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3 Health Numbers Everyone Should Know

February 23, 2024

When it comes to understanding your health, there’s a lot of information to process. But figuring out what truly matters can be a challenge.

So, we asked Michael O’Neill, MD, a primary care provider with Hartford HealthCare Medical Group, to share three essential health numbers that everyone should know.

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1. Your A1C

A1C – which measures your average glucose (blood sugar level) over three to four months – provides vital insight into your risk for diabetes.

“A normal, healthy A1C number is less than 5.7,” explains Dr. O’Neill, “If your A1C goes above 6.5, it may indicate diabetes.”

Falling somewhere between 5.7 and 6.5 signals pre-diabetes, offering a perfect opportunity to take charge of your health.

“Incorporating lifestyle changes, such as exercise, weight loss and a healthy diet, will help prevent progression,” says Dr. O’Neill.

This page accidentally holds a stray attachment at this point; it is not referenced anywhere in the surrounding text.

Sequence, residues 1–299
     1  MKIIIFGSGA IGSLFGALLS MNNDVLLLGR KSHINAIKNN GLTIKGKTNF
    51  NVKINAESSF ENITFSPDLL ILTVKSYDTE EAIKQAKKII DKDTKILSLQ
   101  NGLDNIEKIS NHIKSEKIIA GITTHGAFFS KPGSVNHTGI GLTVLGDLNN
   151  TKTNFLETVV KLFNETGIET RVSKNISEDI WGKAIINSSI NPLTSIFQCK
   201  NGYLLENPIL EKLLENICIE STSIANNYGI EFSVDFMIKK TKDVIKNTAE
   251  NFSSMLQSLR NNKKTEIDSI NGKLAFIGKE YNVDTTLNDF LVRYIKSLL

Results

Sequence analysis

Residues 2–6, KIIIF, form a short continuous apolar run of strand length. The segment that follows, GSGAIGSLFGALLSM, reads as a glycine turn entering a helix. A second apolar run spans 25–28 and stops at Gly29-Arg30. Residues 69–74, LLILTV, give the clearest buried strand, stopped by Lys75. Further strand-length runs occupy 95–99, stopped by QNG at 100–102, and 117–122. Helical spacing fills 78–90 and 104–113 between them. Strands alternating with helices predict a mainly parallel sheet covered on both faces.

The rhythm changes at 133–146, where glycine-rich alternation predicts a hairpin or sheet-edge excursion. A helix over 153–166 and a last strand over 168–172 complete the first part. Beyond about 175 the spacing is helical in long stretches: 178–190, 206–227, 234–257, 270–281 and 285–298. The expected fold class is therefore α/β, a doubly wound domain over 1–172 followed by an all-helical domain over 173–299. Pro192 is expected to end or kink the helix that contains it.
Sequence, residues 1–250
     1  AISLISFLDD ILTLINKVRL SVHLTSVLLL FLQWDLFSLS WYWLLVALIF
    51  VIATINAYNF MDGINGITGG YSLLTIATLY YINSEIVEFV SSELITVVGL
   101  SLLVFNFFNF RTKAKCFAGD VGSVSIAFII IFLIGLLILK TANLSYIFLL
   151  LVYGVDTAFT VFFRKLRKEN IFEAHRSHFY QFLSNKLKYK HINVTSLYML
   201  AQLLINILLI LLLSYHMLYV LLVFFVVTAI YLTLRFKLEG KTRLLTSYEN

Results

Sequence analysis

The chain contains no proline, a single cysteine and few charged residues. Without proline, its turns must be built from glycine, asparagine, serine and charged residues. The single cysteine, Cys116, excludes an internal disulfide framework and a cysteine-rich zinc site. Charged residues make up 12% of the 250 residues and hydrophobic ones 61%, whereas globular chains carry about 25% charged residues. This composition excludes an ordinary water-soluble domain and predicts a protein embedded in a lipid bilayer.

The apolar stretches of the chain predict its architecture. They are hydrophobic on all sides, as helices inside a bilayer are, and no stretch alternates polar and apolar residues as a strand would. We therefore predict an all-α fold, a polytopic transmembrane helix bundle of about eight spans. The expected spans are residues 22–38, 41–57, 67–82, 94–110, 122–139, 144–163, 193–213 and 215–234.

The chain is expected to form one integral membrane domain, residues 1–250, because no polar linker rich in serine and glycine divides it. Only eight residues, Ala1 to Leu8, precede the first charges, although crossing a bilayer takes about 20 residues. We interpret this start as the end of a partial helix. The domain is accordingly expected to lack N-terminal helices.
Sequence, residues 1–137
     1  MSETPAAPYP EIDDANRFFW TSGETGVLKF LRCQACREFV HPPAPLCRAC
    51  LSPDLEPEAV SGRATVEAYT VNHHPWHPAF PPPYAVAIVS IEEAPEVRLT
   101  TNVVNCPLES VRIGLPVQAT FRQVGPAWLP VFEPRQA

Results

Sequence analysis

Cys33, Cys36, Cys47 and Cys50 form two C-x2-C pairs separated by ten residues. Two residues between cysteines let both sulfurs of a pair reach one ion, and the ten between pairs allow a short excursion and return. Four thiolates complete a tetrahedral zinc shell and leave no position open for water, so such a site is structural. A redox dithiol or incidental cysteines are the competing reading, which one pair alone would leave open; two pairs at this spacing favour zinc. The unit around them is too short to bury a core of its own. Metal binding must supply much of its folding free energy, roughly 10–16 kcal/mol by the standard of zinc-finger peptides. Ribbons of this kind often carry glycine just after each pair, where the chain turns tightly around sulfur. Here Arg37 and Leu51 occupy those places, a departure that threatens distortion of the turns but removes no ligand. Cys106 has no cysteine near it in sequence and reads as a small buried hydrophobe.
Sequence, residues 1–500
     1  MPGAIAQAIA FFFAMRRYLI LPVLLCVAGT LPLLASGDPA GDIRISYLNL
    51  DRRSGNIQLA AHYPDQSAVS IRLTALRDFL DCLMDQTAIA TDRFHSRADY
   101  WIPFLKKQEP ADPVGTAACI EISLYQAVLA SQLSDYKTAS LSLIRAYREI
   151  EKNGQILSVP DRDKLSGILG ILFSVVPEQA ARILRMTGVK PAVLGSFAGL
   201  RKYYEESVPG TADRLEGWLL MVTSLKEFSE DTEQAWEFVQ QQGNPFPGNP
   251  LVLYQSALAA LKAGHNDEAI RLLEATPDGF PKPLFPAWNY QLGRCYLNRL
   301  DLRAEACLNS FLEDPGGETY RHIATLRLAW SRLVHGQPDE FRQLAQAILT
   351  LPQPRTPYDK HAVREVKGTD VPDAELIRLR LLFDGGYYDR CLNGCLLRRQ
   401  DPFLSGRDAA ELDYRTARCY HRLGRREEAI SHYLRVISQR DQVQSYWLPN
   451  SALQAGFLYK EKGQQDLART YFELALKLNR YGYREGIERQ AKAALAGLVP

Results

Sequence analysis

> Related: What You Need to Know About HDL and LDL Cholesterol Levels

2. Your LDL

LDL, or low-density lipoprotein, is often called “bad cholesterol” and is a crucial factor in assessing your cardiovascular health. Dr. O’Neill emphasizes the importance of keeping your LDL under 100.

If yours is higher than 100, Dr. O’Neill recommends focusing on improving your diet, exercising regularly, weight loss and reducing your risk factors to maintain a healthy cholesterol level.

3. Your blood pressure

Your blood pressure is another key metric to monitor. An ideal number is 120/70, a sign that you’re in good health.

If you notice your blood pressure starting to rise (130/80, 140/90), Dr. O’Neill suggests discussing strategies with your doctor. A proactive approach can help you lower your blood pressure and maintain a healthy level.

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The power of consistency

Diet, exercise and weight loss – what do all three things have in common?

With persistence, each holds the power to change your health numbers. Dr. O’Neill assures that consistently following a healthy lifestyle can lead to significant progress in managing A1C, LDL and blood pressure.

If you have questions or want personalized guidance on managing your health numbers, schedule an appointment with your primary care provider.

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